This age old idea still evokes fear and discomfort. The reality of burial outside of a sealed burial vault means that the casket is in direct contact with the Earth and all of its natural elements. These natural elements include air, water, roots, stones, clay and other such materials. Think of planting a tree in the earth, burial is the same concept.
What is double-depth burial?
Some cemeteries are running out of space, so burials take place at extra depth. This allows a future burial above to save space. Often times a burial vault is required for structural support.
Can a body be moved from one grave/cemetery to another after burial?
Yes. With the professional help of eco, disinterment can take place under approved circumstances. Many families wish to have this take place for reasons of comfort. Burial vaults assist in this process.
What is entombment?
Entombment is a term referring to above-ground burial. Entombment takes place in a built structure containing crypts in which a casket is individually contained. This is often popular among European families as it emulates what may be traditional in their homelands.
What is embalming?
Embalming is considered to be the preservation, restoration and disinfection of a deceased human body. Embalmers in Ontario are educated through a college diploma and are then licensed by the Bereavement Authority of Ontario, embalming takes place in a sterile, regulated area often similar to a common clinical setting.
Is embalming a necessity by law?
No, embalming is not a legal requirement in Ontario. Depending on the style of your arrangements however, there may be benefits to embalming.
Are these chemicals harmful to the environment? Are there better or worse embalming chemicals?
eco Cremation & Burial Services offers a special method of embalming that uses no formaldehyde, which is typically found in embalming chemicals. eco uses a modern, state-of-the-art system that exposes less harmful chemicals to the embalmer and the environment, while producing the same results of traditional embalming. Ask us about this option.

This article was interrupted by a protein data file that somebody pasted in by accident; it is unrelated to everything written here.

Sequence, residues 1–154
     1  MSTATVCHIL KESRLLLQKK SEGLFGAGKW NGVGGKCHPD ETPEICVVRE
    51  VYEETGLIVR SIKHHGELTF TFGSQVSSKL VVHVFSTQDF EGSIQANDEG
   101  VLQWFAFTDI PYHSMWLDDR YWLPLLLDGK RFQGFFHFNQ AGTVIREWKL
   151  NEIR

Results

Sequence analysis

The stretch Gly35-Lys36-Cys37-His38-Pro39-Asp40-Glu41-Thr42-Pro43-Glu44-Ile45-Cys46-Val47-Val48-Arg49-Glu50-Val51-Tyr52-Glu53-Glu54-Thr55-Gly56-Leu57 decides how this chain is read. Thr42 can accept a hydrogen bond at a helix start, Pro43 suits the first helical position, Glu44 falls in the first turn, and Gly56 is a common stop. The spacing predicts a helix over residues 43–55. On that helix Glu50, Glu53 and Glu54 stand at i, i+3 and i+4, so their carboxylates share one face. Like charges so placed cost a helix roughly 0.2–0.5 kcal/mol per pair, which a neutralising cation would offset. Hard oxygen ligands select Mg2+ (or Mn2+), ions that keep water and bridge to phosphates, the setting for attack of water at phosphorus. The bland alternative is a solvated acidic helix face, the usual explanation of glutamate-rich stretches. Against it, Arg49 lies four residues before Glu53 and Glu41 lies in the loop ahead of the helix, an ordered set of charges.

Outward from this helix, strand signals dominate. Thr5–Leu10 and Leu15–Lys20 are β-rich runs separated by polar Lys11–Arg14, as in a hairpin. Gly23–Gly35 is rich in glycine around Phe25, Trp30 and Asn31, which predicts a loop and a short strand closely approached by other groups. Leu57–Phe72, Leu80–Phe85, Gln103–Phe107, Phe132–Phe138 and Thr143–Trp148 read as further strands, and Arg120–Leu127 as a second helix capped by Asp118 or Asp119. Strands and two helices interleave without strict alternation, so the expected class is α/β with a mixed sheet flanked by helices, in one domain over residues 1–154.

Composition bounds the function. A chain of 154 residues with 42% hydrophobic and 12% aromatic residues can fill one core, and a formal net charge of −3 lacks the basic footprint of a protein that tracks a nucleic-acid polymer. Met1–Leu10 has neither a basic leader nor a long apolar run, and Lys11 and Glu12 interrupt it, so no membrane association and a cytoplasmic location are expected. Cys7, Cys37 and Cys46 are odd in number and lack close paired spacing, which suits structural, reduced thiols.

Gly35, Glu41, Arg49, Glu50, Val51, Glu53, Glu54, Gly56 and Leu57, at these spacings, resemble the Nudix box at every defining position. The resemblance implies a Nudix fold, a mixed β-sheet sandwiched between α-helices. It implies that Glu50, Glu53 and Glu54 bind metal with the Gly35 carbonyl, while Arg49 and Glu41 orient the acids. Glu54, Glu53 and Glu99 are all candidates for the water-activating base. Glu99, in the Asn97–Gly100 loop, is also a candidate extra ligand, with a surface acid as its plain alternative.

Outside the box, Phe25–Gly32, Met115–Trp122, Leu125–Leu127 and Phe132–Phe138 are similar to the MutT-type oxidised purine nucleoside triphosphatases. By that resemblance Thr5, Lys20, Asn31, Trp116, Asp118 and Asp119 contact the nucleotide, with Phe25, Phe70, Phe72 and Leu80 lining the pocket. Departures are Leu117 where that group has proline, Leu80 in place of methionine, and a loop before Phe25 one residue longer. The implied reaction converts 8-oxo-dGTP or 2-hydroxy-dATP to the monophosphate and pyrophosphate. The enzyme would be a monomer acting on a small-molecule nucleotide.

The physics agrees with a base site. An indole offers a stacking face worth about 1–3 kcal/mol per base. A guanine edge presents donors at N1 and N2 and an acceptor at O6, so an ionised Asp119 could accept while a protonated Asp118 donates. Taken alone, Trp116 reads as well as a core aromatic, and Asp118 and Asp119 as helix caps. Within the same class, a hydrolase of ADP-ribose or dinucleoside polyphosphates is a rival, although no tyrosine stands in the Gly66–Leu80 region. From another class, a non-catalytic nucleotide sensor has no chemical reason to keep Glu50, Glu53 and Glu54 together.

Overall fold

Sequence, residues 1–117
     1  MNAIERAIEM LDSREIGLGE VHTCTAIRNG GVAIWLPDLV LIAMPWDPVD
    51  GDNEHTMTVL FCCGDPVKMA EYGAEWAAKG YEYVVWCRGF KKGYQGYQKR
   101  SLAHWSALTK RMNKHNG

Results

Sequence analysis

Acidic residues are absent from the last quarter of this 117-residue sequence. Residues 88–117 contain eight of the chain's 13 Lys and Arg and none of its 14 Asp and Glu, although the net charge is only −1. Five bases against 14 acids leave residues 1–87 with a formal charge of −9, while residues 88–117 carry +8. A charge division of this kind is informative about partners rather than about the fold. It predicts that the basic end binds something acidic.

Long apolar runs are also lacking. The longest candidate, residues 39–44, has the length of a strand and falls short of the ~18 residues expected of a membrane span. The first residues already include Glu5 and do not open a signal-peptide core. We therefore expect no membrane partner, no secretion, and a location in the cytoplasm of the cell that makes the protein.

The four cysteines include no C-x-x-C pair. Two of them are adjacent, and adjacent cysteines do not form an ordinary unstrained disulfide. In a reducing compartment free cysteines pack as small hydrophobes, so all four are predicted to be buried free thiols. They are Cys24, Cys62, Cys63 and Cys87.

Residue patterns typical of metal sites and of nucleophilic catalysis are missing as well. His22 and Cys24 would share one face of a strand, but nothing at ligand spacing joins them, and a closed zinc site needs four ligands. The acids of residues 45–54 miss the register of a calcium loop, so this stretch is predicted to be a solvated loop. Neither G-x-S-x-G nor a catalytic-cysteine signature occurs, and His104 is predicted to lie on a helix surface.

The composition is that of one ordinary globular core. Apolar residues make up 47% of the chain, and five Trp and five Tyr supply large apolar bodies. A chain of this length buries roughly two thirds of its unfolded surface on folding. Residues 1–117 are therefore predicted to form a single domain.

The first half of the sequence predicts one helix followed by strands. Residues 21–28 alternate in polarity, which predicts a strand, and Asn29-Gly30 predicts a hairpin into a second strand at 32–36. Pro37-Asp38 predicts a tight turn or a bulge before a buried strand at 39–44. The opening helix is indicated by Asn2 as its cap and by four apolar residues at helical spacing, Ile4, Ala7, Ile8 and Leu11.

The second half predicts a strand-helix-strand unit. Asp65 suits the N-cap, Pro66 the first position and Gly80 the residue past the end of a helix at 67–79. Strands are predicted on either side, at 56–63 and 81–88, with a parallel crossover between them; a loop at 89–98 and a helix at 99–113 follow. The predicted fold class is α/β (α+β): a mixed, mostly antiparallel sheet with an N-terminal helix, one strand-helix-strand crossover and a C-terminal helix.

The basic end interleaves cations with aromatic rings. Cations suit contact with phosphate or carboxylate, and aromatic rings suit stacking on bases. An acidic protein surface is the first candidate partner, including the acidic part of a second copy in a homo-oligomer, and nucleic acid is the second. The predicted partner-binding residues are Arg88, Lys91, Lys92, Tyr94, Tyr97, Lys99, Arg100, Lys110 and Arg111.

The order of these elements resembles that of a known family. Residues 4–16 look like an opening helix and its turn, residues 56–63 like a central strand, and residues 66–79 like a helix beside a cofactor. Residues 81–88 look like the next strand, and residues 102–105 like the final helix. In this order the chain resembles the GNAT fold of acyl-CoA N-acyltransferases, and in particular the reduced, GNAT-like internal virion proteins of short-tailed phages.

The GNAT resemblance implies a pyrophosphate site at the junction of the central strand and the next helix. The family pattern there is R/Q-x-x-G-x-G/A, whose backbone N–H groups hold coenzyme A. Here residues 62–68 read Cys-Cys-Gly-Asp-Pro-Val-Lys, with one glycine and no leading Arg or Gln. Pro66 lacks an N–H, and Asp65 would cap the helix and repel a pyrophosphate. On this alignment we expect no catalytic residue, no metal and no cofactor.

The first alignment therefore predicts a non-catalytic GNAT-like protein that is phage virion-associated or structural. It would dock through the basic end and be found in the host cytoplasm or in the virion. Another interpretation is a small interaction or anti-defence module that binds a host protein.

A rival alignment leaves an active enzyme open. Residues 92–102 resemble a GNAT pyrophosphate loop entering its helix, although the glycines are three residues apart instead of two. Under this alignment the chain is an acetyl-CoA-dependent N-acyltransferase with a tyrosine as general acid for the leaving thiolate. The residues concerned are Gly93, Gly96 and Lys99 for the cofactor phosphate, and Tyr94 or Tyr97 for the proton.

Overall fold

Is an open casket possible for trauma/illness related deaths?
Absolutely. A select number of eco’s embalmers are highly skilled in restoring individuals to better states, especially after illness or injury has affected the body.
I have Power of Attorney for a loved one. When they die, does that mean that I am in charge?
No. It is important to understand that Powers of Attorney are only effective during the life of the person whom they are regarding. Upon death, all duties of Power of Attorney cease and assumed executorship takes effect, if there is a Last Will & Testament. In the absence of a Will, there is a legal flow of individuals allowed to take charge of arrangements.
Who has the authority to handle funeral arrangements upon a death?
It is imperative for individuals to understand who has the legal right to make important decisions regarding funerals and disposition after a death. The executor(s) of the Will hold the right to make such decisions.
What if there is no Will?
If every effort has been made to locate a Last Will & Testament including contacting the potential lawyer’s offices for a possible will, there is a legal flow of individuals allowed to take charge of the arrangements. This list is as follows, in order or right:
5) father or mother
6) brothers or sisters
8) uncles, aunts, nephews, nieces
9) collateral relatives or a more remote degree.
Do I need to show proof of executorship to commence arrangements?